The CTSI Big Membership Debate Survey 2019 is now closed

Where do we start?

There is an old joke about a guy who stops to ask for directions and in response gets a sarcastic and unhelpful answer, “well, if I were you, I wouldn’t start from here”. A little wistfully, I suppose, that’s where CTSI begins its membership strategy. Not lost, but not quite on the right track either.

Before we step out though, into the age of alternative facts and fake news, it’s worth reminding ourselves of three irrefutable truths we face as a membership organisation.

Some inconvenient truths

ONE. Our member numbers have been decimated by the same centrally imposed cuts that hit local government and trading standards.  More than 50% gone in less than a decade with dire budget forecasts for the coming years.

TWO. Our membership age profile is, euphemistically, somewhere on the mature side.  Call out, “it’s Friday, it’s five to five!” at any CTSI branch meeting and there will surely be a response yelled by the majority that is incomprehensible to any millennials who wander past.  And wandering past they are.  As we haemorrhage members through retirement and austerity, we are simply not replacing them in anywhere near the numbers required to retain a critical mass trajectory.

THREE. Commerce has transformed. Digital is in charge and here to stay. CTSI, its members and trading standards services need to better reflect the way business is done to meet the regulatory needs of a modern economy.  We cannot remain analogue officers in a digital world.

What can we do?

So, if that’s where we are, how do we change to get to where we want to go? Well, dear CTSI member (and non-member) in trading standards. It’s time to have your say as part of The Big Membership Strategy.

There are some straightforward things we might have to do for starters.  Our piecemeal membership regulations have evolved into a cluttered basket of labels, each with different voting rights, prices and privileges that I am sure made sense to someone at some time.  Diversity is nice, and if you can name all thirteen categories of CTSI membership, kudos to you.  However, if you try to justify them not being cut, clarified and streamlined, I hold less truck with your view.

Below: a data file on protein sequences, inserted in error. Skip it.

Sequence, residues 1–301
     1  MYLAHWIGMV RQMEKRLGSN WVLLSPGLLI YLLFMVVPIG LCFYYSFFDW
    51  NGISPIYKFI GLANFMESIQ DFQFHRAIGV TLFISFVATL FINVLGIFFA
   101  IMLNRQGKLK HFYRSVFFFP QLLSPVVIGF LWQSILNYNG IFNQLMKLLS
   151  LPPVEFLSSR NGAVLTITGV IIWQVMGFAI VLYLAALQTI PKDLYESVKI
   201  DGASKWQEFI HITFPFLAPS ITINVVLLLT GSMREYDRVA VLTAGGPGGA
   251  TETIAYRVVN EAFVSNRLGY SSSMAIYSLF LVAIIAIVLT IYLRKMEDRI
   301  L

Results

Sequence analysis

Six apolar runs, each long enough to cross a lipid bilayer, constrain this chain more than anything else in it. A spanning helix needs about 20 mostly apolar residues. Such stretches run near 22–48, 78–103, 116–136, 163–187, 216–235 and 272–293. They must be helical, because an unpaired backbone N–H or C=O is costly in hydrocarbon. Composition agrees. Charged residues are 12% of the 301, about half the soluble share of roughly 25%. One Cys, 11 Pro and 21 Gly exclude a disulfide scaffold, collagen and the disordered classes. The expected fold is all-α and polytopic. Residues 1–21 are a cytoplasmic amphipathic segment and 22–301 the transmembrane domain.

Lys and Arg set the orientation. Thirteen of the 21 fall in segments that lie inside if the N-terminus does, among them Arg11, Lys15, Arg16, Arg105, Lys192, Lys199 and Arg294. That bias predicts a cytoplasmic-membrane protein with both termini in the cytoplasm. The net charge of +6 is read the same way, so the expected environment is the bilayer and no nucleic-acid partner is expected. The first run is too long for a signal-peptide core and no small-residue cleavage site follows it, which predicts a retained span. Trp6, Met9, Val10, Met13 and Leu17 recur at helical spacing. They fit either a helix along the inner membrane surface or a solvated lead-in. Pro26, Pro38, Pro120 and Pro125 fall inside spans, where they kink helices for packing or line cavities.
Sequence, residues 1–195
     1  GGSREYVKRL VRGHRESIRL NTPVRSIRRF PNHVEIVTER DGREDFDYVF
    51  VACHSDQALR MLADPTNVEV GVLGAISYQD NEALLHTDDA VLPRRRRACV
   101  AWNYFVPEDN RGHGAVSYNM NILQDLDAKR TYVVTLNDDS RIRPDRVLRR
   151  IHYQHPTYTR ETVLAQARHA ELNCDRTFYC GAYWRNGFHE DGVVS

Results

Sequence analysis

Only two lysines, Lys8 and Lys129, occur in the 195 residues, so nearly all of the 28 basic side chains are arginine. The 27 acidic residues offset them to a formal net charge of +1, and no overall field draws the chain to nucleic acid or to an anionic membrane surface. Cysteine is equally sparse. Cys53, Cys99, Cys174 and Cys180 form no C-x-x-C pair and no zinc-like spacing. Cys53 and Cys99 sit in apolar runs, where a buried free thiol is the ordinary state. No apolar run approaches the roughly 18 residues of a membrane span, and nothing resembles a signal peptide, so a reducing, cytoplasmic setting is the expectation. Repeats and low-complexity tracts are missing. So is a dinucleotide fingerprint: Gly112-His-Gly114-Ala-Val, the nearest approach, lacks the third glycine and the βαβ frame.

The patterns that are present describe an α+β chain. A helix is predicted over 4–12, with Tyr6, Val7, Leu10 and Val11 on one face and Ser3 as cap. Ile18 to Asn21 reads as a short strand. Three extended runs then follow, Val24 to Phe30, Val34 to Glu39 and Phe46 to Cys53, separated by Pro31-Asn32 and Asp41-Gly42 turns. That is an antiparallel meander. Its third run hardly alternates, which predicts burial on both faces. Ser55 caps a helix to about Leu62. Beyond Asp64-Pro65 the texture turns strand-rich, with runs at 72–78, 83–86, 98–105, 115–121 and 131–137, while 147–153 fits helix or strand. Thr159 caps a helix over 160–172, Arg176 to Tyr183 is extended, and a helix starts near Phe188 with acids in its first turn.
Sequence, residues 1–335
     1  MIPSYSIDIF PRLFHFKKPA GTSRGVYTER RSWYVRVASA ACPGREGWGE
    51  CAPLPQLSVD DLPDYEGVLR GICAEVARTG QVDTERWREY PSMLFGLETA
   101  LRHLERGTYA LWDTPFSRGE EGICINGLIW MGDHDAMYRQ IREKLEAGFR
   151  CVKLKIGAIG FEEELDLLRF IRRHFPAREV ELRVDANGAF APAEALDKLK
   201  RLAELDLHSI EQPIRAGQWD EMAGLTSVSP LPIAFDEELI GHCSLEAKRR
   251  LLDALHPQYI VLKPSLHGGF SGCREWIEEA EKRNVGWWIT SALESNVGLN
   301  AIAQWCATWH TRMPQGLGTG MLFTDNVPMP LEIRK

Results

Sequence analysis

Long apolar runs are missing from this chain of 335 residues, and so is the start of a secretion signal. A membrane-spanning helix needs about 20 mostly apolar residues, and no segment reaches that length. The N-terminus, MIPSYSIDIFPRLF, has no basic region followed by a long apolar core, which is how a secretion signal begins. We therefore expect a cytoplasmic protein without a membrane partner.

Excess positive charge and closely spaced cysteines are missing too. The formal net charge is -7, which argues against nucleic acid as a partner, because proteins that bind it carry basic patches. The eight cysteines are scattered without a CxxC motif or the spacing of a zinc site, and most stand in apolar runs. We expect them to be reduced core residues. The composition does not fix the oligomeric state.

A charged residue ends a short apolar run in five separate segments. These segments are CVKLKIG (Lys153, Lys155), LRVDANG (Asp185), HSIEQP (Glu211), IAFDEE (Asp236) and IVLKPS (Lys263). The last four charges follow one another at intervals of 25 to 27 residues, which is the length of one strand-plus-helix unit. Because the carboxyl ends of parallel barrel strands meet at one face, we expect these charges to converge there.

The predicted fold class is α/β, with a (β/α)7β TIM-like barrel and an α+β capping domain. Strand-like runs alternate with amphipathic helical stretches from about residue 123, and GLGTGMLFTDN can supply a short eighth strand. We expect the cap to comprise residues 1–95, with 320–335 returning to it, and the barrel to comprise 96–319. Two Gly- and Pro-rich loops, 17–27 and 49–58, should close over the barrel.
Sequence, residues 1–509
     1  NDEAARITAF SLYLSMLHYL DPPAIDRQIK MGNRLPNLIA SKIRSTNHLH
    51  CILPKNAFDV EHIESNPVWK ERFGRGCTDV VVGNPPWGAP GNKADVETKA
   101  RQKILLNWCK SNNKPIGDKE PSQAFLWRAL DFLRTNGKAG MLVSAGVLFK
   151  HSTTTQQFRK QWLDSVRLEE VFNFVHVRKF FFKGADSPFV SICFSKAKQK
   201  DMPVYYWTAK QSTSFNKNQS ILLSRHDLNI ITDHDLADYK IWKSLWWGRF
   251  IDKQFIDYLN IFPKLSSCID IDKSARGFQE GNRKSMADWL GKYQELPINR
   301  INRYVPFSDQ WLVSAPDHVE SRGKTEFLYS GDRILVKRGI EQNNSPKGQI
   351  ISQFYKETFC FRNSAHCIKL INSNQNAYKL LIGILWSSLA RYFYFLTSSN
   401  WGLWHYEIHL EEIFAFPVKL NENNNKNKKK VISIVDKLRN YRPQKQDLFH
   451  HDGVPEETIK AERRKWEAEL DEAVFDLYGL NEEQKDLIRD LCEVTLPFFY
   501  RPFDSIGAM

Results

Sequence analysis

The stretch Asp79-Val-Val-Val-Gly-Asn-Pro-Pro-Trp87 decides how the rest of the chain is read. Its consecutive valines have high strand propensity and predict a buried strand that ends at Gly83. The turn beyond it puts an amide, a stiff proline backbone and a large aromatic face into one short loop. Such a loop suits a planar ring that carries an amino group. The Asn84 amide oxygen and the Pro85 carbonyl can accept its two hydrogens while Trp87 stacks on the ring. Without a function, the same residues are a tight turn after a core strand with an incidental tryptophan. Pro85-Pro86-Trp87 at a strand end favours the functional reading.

Are we open to the right people?

There is a famous Marx quote (Groucho, not Karl), where he said he would not want to belong to any club that would accept him as a member.  Now. Have we got that bit right? At the moment our joining threshold is almost singularly based on the attainment of qualification. You got the right letters?  In you come!  But, and here’s a challenge. Should that be the case?  Are we missing out on welcoming hardworking trading standards staff in national bodies or private sector roles that maybe didn’t pass the same exams as us – but are just as diligent, competent and professional?

What would you want, Dear Member?

Also, what do you get out of membership, and what would you want? Is the value proposition right? Free entry to an annual Symposium, qualifications and competency pathways, national representation on big issues like Brexit, professional publications and solid networks of expert, like-minded professionals aside.  What do you want?  Crucially too, what would it take for those disgruntled TS colleagues – or ex-members – on the outside of the tent to cross the threshold? What will it take to turn that student member into a lifelong member?

On the ropes….. but not out!

Not an easy challenge, won’t you agree? Beaten by the twin fists of austerity and anti-regulation, buckling under excessive responsibilities, it’s fair to say our trading standards service is on the ropes – if not taking a slow standing count. The referee holding both gloves tightly and scanning the eyes for signs of a future in the fight.  No-one’s throwing the towel in, but how do we get back up?  Must we drop down a weight division – change, and come back stronger?

Let’s have the debate, let’s hear your views and all your ideas, big and small.

Have Your Say

Please help us to make our membership work better for you and others. Post your comments, ideas and questions – big and small – below. And let us know if you agree or disagree with other’s comments.